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BMJ Open. 2013 Feb 22;3(2). pii: e002226. doi: 10.1136/bmjopen-2012-002226. Print 2013.

Design and baseline characteristics of the PODOSA (Prevention of Diabetes & Obesity in South Asians) trial: a cluster, randomised lifestyle intervention in Indian and Pakistani adults with impaired glycaemia at high risk of developing type 2 diabetes.

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1
Centre for Population Health Sciences, The University of Edinburgh, Medical School, Edinburgh, UK.

Abstract

OBJECTIVES:

To describe the design and baseline population characteristics of an adapted lifestyle intervention trial aimed at reducing weight and increasing physical activity in people of Indian and Pakistani origin at high risk of developing type 2 diabetes.

DESIGN:

Cluster, randomised controlled trial.

SETTING:

Community-based in Edinburgh and Glasgow, Scotland, UK.

PARTICIPANTS:

156 families, comprising 171 people with impaired glycaemia, and waist sizes ≥90 cm (men) and ≥80 cm (women), plus 124 family volunteers.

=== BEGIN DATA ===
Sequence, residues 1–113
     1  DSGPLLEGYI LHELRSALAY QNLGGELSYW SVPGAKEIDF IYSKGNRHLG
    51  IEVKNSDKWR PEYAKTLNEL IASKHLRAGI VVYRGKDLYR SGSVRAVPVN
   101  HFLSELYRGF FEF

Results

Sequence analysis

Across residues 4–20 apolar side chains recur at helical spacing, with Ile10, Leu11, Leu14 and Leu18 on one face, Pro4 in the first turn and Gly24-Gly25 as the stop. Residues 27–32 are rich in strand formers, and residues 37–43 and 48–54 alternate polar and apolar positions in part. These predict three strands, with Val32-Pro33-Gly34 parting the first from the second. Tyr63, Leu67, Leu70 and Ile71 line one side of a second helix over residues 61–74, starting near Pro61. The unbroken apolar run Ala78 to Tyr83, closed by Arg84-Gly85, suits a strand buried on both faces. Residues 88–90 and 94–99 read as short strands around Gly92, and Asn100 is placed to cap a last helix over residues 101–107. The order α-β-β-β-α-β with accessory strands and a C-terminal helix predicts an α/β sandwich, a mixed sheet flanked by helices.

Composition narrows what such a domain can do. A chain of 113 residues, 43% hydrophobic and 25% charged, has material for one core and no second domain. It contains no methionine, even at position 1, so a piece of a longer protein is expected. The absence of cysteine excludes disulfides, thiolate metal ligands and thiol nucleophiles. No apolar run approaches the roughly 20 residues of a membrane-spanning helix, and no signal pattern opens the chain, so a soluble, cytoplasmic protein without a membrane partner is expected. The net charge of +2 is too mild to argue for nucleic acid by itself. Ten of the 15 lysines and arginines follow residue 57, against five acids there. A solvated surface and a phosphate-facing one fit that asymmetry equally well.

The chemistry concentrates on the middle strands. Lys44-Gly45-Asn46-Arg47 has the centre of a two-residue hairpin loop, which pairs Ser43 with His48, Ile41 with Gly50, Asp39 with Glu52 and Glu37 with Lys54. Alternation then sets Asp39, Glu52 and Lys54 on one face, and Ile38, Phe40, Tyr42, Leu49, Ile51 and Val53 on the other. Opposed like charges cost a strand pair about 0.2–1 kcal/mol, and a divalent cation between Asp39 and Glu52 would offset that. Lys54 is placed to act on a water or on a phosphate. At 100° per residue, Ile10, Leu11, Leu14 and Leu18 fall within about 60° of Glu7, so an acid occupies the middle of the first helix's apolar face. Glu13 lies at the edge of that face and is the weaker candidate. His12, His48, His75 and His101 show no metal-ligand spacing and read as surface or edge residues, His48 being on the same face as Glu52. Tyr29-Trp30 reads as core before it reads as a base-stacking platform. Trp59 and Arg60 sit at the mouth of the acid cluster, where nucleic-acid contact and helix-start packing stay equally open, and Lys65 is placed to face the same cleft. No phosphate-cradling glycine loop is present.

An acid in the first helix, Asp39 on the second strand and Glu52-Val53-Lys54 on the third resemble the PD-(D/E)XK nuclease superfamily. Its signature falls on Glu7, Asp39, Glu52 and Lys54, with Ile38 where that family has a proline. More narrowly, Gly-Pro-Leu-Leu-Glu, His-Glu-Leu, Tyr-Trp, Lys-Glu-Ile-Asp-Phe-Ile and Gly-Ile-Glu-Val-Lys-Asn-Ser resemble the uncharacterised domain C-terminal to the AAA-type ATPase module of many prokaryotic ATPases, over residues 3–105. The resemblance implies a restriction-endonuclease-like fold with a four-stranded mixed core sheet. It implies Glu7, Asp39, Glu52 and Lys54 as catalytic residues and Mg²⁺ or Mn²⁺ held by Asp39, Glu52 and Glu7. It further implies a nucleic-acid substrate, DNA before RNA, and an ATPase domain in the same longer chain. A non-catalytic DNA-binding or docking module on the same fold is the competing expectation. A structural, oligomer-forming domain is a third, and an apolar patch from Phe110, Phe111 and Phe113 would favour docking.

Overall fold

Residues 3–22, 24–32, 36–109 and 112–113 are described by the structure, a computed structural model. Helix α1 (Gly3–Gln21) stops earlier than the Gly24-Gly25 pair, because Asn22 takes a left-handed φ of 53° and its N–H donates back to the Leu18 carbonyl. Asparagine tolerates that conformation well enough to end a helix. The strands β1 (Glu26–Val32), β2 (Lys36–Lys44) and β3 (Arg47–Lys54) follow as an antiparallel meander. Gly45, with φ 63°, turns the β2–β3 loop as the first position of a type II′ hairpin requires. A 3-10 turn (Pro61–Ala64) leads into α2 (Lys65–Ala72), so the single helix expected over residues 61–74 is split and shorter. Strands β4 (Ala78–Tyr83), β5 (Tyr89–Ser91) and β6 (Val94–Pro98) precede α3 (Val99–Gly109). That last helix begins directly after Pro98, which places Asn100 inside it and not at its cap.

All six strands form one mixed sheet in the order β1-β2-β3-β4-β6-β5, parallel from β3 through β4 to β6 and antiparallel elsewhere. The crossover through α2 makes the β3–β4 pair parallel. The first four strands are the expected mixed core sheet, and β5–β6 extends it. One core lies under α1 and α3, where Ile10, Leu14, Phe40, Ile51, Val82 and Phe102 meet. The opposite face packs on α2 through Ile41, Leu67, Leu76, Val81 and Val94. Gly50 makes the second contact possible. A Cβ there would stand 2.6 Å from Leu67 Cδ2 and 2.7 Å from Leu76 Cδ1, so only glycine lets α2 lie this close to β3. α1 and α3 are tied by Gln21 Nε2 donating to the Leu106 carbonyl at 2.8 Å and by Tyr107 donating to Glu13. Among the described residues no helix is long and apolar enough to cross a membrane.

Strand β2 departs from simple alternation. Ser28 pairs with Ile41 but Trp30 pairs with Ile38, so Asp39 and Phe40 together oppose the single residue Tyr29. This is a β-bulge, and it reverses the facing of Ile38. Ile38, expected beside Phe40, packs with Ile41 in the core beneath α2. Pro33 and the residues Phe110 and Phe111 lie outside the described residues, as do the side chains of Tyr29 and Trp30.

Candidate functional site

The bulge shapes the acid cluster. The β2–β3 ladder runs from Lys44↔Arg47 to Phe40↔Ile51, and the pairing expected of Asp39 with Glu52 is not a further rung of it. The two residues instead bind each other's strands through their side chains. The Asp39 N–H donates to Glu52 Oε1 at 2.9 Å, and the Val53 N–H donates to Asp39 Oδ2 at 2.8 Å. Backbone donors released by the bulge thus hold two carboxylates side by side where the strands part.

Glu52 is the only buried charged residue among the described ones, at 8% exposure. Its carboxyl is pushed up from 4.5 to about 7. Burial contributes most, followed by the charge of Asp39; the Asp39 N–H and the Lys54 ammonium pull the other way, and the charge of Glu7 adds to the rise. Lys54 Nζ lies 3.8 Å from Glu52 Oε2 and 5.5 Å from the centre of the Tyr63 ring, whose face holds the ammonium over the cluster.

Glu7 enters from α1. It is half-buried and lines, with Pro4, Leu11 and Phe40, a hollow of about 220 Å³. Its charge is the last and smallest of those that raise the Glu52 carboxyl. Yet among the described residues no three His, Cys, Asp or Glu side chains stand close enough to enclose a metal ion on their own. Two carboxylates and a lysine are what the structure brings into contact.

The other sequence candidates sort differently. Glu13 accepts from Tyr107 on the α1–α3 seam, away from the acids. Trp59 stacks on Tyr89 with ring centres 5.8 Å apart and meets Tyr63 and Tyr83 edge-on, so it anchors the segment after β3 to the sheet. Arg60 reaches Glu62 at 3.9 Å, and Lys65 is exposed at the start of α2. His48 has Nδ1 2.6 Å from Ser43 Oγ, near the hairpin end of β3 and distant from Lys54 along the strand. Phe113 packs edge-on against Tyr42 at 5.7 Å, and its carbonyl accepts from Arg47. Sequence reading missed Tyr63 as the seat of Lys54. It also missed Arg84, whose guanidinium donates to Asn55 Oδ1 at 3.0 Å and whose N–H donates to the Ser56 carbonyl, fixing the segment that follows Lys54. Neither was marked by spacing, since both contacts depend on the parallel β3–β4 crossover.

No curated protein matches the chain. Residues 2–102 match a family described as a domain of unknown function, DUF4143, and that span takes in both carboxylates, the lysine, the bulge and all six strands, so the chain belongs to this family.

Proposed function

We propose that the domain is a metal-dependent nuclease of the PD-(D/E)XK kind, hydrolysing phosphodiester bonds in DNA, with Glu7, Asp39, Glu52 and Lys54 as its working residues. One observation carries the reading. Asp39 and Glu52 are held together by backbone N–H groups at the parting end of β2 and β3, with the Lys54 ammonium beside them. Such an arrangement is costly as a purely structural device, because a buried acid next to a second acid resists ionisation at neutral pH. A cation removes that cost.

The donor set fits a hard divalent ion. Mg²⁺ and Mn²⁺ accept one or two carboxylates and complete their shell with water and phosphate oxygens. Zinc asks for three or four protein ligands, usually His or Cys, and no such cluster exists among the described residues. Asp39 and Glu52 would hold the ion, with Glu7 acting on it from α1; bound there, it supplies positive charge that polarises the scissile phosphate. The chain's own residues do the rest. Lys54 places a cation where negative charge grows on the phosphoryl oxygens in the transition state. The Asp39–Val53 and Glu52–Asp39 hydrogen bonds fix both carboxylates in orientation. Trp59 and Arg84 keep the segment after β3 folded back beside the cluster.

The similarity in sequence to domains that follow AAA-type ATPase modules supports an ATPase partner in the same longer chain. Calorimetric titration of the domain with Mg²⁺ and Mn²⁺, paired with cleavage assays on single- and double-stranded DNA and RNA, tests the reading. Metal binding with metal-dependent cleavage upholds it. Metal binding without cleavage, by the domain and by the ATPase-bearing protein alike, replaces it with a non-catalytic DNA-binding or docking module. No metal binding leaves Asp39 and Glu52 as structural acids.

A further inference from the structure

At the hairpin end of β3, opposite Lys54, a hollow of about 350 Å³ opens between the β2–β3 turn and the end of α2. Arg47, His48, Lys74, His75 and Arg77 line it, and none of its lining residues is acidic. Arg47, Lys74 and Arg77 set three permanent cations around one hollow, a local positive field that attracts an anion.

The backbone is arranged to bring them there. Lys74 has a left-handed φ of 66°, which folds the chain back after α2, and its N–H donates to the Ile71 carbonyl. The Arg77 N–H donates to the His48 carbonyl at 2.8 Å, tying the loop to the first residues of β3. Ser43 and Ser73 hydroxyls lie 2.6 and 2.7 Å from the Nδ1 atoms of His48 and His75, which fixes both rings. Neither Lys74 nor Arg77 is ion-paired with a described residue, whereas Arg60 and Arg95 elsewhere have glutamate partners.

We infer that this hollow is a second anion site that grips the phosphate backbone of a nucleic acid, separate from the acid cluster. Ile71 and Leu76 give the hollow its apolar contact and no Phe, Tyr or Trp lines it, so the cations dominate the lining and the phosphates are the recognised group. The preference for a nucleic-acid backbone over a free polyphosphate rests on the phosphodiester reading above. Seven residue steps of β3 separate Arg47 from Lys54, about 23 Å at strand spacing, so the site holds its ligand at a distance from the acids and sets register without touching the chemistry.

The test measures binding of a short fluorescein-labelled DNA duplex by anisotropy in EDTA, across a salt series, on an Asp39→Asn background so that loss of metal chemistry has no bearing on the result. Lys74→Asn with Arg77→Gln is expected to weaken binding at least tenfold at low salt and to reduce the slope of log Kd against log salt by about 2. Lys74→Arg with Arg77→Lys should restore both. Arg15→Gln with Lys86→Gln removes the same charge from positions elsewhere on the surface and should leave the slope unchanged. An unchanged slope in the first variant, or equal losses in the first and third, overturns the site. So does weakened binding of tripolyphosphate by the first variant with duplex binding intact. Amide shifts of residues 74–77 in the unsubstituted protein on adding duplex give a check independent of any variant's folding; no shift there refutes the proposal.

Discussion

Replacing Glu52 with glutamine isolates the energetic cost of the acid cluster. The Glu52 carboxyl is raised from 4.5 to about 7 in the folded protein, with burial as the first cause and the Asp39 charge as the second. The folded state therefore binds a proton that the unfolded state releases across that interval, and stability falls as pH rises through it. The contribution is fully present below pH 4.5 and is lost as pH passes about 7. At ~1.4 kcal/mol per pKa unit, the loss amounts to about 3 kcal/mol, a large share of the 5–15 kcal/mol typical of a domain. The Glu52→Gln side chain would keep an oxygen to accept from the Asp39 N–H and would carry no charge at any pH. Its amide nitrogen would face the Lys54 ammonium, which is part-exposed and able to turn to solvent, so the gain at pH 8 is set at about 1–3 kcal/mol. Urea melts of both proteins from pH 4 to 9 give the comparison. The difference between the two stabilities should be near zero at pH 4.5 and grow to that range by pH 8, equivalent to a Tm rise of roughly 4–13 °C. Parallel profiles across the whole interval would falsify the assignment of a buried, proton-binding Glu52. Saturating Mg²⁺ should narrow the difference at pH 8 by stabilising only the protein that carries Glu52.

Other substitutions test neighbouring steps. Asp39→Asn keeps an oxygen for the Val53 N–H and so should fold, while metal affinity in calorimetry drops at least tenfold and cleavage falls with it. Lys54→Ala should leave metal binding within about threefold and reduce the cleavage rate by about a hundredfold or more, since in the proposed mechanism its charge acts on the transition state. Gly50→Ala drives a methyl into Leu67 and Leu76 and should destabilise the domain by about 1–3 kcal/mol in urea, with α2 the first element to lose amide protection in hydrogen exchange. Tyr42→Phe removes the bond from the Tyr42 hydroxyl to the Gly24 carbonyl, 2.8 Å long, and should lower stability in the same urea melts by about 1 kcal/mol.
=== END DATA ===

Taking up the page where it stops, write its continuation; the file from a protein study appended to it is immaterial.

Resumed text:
INTERVENTIONS:

Families were randomised into either an intensive intervention of 15 dietitian visits providing lifestyle advice, or a light (control) intervention of four visits, over a period of 3 years.

OUTCOME MEASURES:

The primary outcome is a change in mean weight between baseline and 3 years. Secondary outcomes are changes in waist, hip, body mass index, plasma blood glucose and physical activity. The cost of the intervention will be measured. Qualitative work will seek to understand factors that motivated participation and retention in the trial and families' experience of adhering to the interventions.

RESULTS:

Between July 2007 and October 2009, 171 people with impaired glycaemia, along with 124 family volunteers, were randomised. In total, 95% (171/196) of eligible participants agreed to proceed to the 3-year trial. Only 13 of the 156 families contained more than one recruit with impaired glycaemia. We have recruited sufficient participants to undertake an adequately powered trial to detect a mean difference in weight of 2.5 kg between the intensive and light intervention groups at the 5% significance level. Over half the families include family volunteers. The main participants have a mean age of 52 years and 64% are women.

CONCLUSIONS:

Prevention of Diabetes & Obesity in South Asians (PODOSA) is one of the first community-based, randomised lifestyle intervention trials in a UK South Asian population. The main trial results will be submitted for publication during 2013.

TRIAL REGISTRATION:

Current controlled trials ISRCTN25729565 (http://www.controlled-trials.com/isrctn/).

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